TCA Podcast, – “Conversations with Consequences,” Episode 149 – Real Dangers Of Abortion Pills & Jessica Hooten Wilson On The Scandal Of Holiness As secular media advanced the lie last week that the abortion pill is safer than Tylenol, Dr. Donna Harrison joins to discuss the real dangers of chemical abortions and why the FDA is complicit in promoting this harmful pill. We also revisit with Jessica Hooten Wilson discussing her new book, ‘The Scandal of Holiness.’ Father Roger Landry also offers an inspiring homily as we prepare for Lent beginning next week. Catch the show every Saturday at 7amET/5pmET on EWTN radio! 1. Persecuted Christians Have Much to Teach, By Robert Nicholson, The Wall Street Journal, February 25, 2022, Pg. A15, Opinion Most Western media coverage of Near Eastern Christians focuses on their persecution, and their plight deserves to be better known. But Christians in the Near East are more than an oppressed people. They belong to unique national communities rooted in a premodern, pre-Islamic landscape, suffused with the Semitic culture of the early church. As Western culture turns against itself, the endangered faithful might help us more than we can help them. Indigenous to modern Iraq, the Assyrian Church of the East is the easternmost branch of apostolic Christianity—conservator of the world’s oldest eucharistic liturgy and guardian of the Aramaic language of Christ. This “Nestorian Church” was separated from Western Christianity in 431 at the Council of Ephesus, after bishops in Assyria and Babylonia broke with the imperial church over the nature of Jesus and Mary. The church is woefully forgotten today, often thought to be a branch of Catholicism or Orthodoxy. Yet in its heyday it was larger than the Latin and Greek churches and stretched deep into Central Asia, China and India.   The hope of the West lies in a revival of the Western church, which will come only with a rediscovery of the incarnational, action-oriented Christianity of the Semitic East. The West is materially strong but spiritually weak. Hyperpolitical, overly digital and drifting in our faith, we can look to leaders like Mar Awa as examples of another way—the original way. Mr. Nicholson is president of the Philos Project. 2. Pope visits Russian embassy to show concern over ‘war’ in Ukraine, By Elise Ann Allen, Crux, February 25, 2022 Friday morning, the day after Russian military forces invaded Ukrainian territory, Pope Francis paid a quick visit to the Russian embassy to the Holy See in Rome to voice concern over what he called the “war” now taking place. According to a Vatican statement, the pope spent about 30 minutes at the embassy “to convey his concern for the war.” To this point, Russian officials have described the incursion as a “special military operation,” insisting it’s not a war. A Vatican spokesman told Crux that rather than an attempt by the Vatican and the pope to mediate the conflict, Francis’s decision to visit the embassy, which is located on the main road leading up to St. Peter’s Square, was exclusively to “express his concern.” 3. Shroud of Turin’s controversial history examined, Exhibit hosts replica of burial cloth, By Mark A. Kellner, The Washington Times, February 25, 2022, Pg. A10 The Museum of the Bible will open a major exhibit on the Shroud of Turin on Saturday, but its top curator says the genuineness of the alleged burial cloth of Jesus isn’t the point. “Whether or not the shroud is authentic, it’s certainly part of the impact of the Bible and reflects back on the stories of the Bible,” said Jeffrey Kloha, the museum’s chief curatorial officer.  The exhibit, titled “Mystery and Faith: The Shroud of Turin,” will feature a “three dimensional reconstruction” of the shroud, but not the original that is kept in Turin. It is designed to explain the relic’s fascination for millions through the ages, Mr. Kloha said. 4. Over half of U.S. abortions now done with pills, not surgery, By Lindsey Tanner, Associated Press, February 24, 2022, 9:58 AM More than half of U.S. abortions are now done with pills rather than surgery, an upward trend that spiked during the pandemic with the increase in telemedicine, a report released Thursday shows. In 2020, pills accounted for 54% of all U.S. abortions, up from roughly 44% in 2019.  The pandemic prompted a rise in telemedicine and FDA action that allowed abortion pills to be mailed so patients could skip in-person visits to get them. Those changes could have contributed to the increase in use, said Guttmacher researcher Rachel Jones. The FDA made the change permanent last December, meaning millions of women can get a prescription via an online consultation and receive the pills through the mail. That move led to stepped-up efforts by abortion opponents to seek additional restrictions on medication abortions through state legislatures. 5. There’s No Crisis of Faith on Campus, Many religious parents worry that higher education will weaken their children’s belief, but evidence shows the result is often just the opposite., By Ryan Burge, The Wall Street Journal, February 24, 2022, 9:58 AM As a pastor who is also a professor of social science, I am often asked by parents of teenagers who were raised in a religious environment how their son or daughter can maintain their faith when they go off to some large state university or private liberal-arts college. Many parents seem to believe that as soon as their child walks into a freshman class, they will throw out their Bibles and pick up Nietzsche.  Using data from 12 years of Harvard University’s Cooperative Election Study, an annual survey of more than 50,000 Americans, I calculated the share who identified as atheist, agnostic and nothing in particular at six education levels, ranging from those with no high school diploma to those with graduate degrees. The results are clear: People with the least education are the most likely to indicate that they have no religious affiliation. In 2008, 26% of those without a high school diploma identified as an atheist, agnostic or nothing in particular. Only 19% of those with a graduate degree did. And that 7-point gap stayed fairly consistent over the following 12 years.  Young people who pursued higher education are 9 percentage points more likely to indicate that they are Protestant and 5 points more likely to say that they are Catholic than those who ended their education at high school. There’s no difference between the percentage of the two groups who say they are atheist—both are around 7%.  As a parent myself, I completely understand the tendency to shelter our children. But college comes at an ideal time in the life-cycle for young people to venture out and engage with people who don’t share their beliefs. Exposing teenagers to new ideas and new cultures is one of the most powerful things we can do for the next generation. Mr. Burge is a pastor in the Baptist church and a professor of political science at Eastern Illinois University. This essay is adapted from his new book “Twenty Myths About Religion and Politics in America,” published March 1 by Fortress Press. 6. Faith Is Center Court in Alabama High School Basketball Controversy, Huntsville school says it chose to forfeit game after requests to move game to accommodate Sabbath was denied, By Joseph Pisani, The Wall Street Journal, February 24, 2022, 7:57 PM Alabama Gov. Kay Ivey is showing support for a high-school basketball team that says it was forced to forfeit a game because the state’s athletic association wouldn’t make a religious accommodation.  Ms. Ivey wrote a letter to the athletic association, asking a series of questions about the incident, including why it couldn’t make the accommodation. “As I’m sure you know, few things are more important to Alabamians than their faith,” the Republican governor wrote in the letter, which was posted on her Twitter account. The Alabama High School Athletic Association said it is working on a response. She also sent a letter to Oakwood, inviting the team to the state Capitol. 7. Top Vatican official pleas for peace, negotiation in Ukraine crisis, By Elise Ann Allen, Crux, February 24, 2022 Vatican Secretary of State Cardinal Pietro Parolin has condemned a Russian military offensive in Ukraine, calling the move tragic and issuing an appeal for negotiation and goodwill to prevail in preventing the outbreak of further violence. Parolin opened his Feb. 24 message referring to an appeal made by Pope Francis at the end of his Wednesday general audience address, in which he announced that March 2, Ash Wednesday, would be a day of prayer and fasting for peace in Ukraine. 8. Catholic charity commits $1 million to aid Ukraine’s 6,229 religious, By Katie Yoder, Catholic News Agency, February 24, 2022, 3:28 PM A Catholic aid organization is sending emergency support to the faithful in Ukraine as Russia invades the country.  “The situation is getting worse every day,” Bishop Pavlo Honcharuk of Kharkiv, who leads one of the dioceses that Aid to the Church in Need (ACN) will support, said in a Thursday press release. “We live now from hour to hour.”’ ACN committed one million euros (equal to $1.1 million USD) to support the work of the Church in Ukraine on Thursday, and is accepting help raising funds to assist the Church in the country. Its support comes after Russia began a full-scale invasion of Ukraine early Thursday morning with the firing of airstrikes and missiles.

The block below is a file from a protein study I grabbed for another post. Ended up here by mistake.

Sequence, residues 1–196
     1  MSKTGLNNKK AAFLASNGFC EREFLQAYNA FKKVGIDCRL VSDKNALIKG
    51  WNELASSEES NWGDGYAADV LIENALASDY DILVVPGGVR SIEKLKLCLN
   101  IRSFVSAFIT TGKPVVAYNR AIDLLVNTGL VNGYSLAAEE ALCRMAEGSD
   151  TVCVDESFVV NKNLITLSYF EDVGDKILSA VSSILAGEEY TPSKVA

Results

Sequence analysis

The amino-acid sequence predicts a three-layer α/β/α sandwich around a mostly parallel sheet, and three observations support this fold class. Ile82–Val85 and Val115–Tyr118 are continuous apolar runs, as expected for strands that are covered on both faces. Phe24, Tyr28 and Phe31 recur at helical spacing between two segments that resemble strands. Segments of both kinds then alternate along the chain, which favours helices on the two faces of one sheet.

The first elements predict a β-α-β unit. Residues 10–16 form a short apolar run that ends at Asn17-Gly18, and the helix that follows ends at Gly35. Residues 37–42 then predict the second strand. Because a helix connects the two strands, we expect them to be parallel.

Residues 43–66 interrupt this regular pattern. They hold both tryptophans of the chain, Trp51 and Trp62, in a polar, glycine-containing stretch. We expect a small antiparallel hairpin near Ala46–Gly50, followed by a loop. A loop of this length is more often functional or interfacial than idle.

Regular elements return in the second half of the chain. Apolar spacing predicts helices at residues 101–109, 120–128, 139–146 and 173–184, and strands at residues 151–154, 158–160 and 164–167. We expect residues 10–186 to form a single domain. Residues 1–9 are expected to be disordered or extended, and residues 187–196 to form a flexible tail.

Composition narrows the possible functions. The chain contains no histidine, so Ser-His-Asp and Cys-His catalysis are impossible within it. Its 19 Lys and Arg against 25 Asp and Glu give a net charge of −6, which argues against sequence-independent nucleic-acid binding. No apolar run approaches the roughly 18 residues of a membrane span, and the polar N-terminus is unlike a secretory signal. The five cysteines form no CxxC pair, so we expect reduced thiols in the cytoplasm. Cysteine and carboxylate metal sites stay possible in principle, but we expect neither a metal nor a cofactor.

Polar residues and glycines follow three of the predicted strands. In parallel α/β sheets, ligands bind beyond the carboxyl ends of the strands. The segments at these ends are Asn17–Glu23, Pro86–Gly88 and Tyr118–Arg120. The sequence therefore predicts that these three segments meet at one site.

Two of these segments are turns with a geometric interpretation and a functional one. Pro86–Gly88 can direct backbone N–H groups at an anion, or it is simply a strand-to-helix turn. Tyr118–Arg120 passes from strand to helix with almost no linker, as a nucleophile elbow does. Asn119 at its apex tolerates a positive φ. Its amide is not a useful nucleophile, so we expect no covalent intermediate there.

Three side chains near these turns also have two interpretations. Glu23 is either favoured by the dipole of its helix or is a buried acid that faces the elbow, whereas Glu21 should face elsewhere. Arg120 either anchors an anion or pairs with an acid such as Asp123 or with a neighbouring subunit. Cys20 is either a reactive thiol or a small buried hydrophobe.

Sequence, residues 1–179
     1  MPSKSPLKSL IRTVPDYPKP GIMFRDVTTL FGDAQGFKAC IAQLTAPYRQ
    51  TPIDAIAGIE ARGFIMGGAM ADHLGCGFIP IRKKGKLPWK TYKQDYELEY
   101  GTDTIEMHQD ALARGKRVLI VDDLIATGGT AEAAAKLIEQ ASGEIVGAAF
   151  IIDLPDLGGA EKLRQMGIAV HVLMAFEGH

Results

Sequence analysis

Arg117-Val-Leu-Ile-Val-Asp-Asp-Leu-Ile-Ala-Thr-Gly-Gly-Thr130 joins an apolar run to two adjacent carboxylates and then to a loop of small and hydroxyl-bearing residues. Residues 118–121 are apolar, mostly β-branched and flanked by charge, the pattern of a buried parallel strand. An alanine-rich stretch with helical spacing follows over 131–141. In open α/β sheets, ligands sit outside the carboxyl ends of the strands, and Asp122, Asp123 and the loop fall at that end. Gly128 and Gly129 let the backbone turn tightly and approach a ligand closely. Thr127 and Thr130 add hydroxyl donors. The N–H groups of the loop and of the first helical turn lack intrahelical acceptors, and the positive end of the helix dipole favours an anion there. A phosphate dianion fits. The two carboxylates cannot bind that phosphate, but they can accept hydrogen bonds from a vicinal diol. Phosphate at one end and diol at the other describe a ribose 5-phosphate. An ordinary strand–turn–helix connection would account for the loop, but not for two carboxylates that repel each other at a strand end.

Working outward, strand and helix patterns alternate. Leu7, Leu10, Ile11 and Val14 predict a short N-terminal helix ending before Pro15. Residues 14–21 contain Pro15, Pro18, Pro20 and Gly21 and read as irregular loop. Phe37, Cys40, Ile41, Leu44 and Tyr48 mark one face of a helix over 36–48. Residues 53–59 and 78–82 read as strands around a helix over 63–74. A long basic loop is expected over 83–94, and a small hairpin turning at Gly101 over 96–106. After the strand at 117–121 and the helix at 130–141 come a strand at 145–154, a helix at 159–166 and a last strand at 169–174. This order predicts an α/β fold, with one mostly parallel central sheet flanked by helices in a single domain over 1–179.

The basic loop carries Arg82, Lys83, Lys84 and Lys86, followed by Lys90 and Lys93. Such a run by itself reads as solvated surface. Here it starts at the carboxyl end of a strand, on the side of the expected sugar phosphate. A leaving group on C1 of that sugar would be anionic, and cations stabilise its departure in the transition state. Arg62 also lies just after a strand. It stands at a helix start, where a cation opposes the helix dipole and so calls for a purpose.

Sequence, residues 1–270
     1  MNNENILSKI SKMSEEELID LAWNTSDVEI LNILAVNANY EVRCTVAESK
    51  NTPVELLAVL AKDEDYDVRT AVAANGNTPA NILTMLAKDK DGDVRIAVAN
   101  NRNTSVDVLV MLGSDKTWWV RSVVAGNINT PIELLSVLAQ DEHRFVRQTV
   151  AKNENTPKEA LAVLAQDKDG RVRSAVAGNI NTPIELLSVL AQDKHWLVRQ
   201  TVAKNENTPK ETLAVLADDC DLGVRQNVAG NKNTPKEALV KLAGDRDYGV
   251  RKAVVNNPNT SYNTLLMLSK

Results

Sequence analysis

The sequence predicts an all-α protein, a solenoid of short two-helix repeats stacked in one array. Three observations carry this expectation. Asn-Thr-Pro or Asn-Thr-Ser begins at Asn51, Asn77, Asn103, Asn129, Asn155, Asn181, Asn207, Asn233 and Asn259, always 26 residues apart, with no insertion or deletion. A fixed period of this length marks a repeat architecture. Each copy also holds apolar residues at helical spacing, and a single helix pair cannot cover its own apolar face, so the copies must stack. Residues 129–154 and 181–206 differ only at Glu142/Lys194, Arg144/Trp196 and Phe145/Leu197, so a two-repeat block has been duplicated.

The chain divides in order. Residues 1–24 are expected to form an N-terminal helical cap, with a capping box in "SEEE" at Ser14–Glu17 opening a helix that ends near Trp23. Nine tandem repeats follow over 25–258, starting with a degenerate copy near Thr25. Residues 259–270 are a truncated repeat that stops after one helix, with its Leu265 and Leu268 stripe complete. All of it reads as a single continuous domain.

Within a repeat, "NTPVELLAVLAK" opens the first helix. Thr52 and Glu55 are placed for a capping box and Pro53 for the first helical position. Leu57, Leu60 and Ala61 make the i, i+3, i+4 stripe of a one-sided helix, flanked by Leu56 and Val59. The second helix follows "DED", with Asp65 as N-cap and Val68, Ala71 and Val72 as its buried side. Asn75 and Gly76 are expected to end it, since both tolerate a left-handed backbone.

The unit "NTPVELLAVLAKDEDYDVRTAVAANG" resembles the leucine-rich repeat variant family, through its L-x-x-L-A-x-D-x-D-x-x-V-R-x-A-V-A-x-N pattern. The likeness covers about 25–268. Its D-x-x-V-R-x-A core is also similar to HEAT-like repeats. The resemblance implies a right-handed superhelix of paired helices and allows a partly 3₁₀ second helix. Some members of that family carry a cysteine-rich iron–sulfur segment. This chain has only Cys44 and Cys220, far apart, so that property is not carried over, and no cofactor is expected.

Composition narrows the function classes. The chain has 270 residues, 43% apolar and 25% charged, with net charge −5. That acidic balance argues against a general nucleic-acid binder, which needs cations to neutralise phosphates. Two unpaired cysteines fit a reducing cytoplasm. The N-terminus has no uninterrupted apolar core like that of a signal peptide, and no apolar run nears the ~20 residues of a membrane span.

TCA Media Monitoring provides a snapshot from national newspapers and major Catholic press outlets of coverage regarding significant Catholic Church news and current issues with which the Catholic Church is traditionally or prominently engaged. The opinions and views expressed in the articles do not necessarily reflect the views of The Catholic Association.